North Surry seniors, like many of their counterparts, have presented multi-media presentations to meet graduation requirements as spring brings graduation closer. Indicative of the variety found in these projects were two recently presented by Greyhounds Austin Barker and Keightley Dalton.
Barker, who is looking at a future in solar engineering, used solar-powered accessories to extend the use of his family’s golf cart on vacations. Dalton’s project chose to extend the opportunity for clean water to families along the Amazon.
Barker said he was mentored in his project by his grandfather, Wayne, who helped him rebuild the family’s golf cart. According to his presentation, the project added a solar panel, radio and LED lights to extend the operational life of six batteries which power the cart. Cost for the project was $1,250.
He told the panel of judges he had push mowed yards at a family campground and collected scrap metal to earn money for the project which took him 75 hours. Judges followed up a demonstration of the cart with questions about cost for powering the vehicle with only a solar panel. Barker concluded by explaining he had learned much by taking the golf cart apart. He told the group he didn’t know screws in the vehicle were in assorted sizes. He said if he had known, he would have taken pictures of where each went into the frame.
Another project with a more global focus was presented to the judges by student Keightley Dalton.
Dalton said she had been inspired by the work of missionary Paul Gale to people living along the Amazon River in need of clean drinking water. She told the judges the river is full of impurities, animal waste and dirt and are responsible for a high mortality rate among the young.
“I wanted to learn how to help provide clean water for these people,” said Dalton. “The Brazilian government doesn’t want help from outside.” Dalton told the group she organized a Walk for Water at North Surry’s track that raised $1,100 to provide a solar-powered water filtration system which can be used by natives to provide drinking water. Dalton said the cost of shipping the filtration units by missionary to the region would cost $2,100. She said the unit could treat 30 gallons of water in 30 minutes.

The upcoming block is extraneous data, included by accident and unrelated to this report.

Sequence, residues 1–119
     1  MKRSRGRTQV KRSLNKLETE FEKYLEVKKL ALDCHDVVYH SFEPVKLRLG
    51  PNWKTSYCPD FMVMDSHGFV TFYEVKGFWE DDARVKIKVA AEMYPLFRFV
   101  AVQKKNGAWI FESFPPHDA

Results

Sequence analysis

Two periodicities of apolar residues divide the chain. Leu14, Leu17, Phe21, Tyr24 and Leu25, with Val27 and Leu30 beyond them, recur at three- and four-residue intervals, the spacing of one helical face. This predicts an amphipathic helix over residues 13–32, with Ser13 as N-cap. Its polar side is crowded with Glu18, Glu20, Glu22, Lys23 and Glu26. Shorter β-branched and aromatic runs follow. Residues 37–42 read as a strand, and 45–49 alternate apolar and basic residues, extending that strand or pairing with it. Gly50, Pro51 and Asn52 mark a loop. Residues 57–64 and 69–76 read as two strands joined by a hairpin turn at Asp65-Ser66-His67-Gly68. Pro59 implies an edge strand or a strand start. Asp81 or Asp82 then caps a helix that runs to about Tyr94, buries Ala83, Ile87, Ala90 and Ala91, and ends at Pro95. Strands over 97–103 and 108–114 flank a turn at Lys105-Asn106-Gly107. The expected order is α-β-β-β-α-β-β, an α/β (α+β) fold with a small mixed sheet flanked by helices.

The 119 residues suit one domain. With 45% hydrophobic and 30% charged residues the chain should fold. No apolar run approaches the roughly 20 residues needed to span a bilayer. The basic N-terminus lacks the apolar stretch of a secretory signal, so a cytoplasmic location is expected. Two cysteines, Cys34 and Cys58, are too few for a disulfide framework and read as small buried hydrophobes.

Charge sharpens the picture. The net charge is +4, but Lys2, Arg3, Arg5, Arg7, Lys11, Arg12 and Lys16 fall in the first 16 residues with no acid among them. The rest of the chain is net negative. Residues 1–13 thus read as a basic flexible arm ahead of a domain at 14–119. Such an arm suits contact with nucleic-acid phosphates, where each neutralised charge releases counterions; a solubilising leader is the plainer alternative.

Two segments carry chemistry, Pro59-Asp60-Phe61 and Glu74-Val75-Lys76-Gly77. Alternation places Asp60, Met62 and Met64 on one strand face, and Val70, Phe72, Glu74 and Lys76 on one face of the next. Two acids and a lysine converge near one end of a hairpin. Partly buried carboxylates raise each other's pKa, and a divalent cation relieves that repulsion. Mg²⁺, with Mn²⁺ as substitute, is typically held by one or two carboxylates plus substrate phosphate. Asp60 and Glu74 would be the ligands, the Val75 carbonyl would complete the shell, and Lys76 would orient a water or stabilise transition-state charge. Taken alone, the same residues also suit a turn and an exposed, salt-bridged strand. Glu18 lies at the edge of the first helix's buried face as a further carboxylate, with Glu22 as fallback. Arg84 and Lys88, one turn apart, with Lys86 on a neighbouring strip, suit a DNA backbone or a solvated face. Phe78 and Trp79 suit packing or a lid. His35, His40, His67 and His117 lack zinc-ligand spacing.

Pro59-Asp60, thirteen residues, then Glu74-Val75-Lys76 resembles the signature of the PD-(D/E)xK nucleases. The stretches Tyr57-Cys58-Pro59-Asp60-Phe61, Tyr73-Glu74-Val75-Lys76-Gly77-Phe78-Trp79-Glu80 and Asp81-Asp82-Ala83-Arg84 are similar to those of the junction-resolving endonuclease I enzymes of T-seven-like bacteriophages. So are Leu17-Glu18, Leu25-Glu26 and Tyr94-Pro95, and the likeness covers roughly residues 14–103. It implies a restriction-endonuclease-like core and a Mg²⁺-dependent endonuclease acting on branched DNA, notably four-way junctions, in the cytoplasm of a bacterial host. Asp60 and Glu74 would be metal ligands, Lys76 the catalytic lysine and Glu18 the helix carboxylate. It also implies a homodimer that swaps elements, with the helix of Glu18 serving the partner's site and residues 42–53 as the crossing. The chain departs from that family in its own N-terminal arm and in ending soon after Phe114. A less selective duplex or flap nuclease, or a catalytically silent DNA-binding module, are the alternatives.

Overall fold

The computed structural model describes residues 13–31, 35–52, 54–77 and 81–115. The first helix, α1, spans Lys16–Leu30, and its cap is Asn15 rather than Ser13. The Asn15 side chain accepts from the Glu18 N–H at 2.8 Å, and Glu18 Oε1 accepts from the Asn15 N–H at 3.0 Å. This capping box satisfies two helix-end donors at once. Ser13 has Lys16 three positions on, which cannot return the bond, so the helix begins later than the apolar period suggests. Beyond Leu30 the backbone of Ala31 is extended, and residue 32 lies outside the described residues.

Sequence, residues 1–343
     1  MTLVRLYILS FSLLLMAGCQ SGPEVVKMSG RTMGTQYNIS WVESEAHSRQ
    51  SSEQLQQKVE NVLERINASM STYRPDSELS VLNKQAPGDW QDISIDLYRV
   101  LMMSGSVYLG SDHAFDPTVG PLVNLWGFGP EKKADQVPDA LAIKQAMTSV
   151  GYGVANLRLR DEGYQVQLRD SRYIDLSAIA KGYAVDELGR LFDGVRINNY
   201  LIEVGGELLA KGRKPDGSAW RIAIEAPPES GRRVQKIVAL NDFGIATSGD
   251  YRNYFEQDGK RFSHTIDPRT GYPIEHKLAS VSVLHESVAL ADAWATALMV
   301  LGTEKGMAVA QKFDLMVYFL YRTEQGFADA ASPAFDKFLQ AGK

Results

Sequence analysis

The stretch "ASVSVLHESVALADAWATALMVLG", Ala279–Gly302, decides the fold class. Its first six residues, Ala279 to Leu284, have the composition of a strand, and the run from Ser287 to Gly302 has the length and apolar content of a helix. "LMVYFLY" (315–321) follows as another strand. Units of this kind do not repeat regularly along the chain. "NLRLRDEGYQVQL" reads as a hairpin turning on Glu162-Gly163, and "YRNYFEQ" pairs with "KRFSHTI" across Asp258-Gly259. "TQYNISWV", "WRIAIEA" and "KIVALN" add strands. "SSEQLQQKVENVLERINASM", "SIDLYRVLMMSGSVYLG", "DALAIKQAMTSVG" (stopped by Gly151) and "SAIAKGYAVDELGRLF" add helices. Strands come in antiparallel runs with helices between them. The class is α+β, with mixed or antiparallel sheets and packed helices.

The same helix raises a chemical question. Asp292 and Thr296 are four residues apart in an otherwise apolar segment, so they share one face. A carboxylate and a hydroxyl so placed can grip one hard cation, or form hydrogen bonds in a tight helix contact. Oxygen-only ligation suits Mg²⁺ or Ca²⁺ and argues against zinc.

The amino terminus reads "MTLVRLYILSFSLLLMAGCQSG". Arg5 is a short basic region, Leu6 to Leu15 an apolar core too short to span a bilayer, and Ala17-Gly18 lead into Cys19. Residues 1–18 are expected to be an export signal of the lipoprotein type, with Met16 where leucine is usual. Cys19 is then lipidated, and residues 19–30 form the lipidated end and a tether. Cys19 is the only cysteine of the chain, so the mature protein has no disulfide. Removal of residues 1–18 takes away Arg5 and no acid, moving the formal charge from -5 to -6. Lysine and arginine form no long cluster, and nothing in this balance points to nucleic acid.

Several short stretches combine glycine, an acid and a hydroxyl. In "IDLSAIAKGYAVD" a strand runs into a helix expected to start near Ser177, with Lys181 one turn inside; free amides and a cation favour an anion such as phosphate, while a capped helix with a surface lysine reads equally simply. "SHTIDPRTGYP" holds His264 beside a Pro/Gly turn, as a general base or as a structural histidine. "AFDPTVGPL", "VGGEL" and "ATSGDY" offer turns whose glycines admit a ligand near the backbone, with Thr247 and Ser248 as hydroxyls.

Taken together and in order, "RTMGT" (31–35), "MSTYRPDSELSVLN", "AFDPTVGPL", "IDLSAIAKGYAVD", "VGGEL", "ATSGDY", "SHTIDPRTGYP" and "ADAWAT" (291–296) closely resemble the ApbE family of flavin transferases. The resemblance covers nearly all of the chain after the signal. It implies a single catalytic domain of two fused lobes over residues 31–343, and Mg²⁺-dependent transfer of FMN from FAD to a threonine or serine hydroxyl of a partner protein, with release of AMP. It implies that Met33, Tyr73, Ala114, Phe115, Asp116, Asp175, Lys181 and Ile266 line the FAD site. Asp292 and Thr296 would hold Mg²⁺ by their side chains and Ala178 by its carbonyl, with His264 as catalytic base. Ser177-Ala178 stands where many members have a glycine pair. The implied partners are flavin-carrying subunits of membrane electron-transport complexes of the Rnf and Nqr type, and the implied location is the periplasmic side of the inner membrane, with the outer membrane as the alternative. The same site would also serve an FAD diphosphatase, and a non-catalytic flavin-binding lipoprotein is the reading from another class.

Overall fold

She showed the judges examples of a brochure she had designed for the walk. Dalton explained she also had designed and sent a letter to groups including the Baptist Men’s Association to speak on behalf of her project and to seek donations. The solar-powered filtration system operates using two filter cartridges and ultraviolet lights to clean the water and kill bacteria and is about the size of a piece of rolling carry-on luggage.
Dalton told the judges the charge for participating in the Walk for Water was $20 in advance and $25 the day of the event.
“I have learned Americans have many choices for water that others do not,” said Dalton. “I was initially told this was not a regular senior project, but it was important to me. I am so thankful for the support and donations of local churches.”
She told the judges that filtering cartridges with the filtration system are replaceable, and there are churches raising funds to provide replacement cartridges and UV bulbs. She added that she is hoping to organize another benefit walk or supper to raise enough money to purchase another unit to send to Brazil. Dalton said families benefiting from water filtration projects are only allowed one gallon of water a day.
“At first this project was difficult for me because I didn’t know how exactly I was going to raise the money,” recalled Dalton. She told the group how she and her mother had to fix one filtration unit they tested when water began spewing out of the top of one canister. She said it took them 55 minutes on the telephone to the Nevada firm which makes the machine. She said the unit was easy to operate and could be used for national disasters. Dalton’s home church is Salem Baptist Church in Dobson.
Reach David Broyles at email@example.com or 719-1952.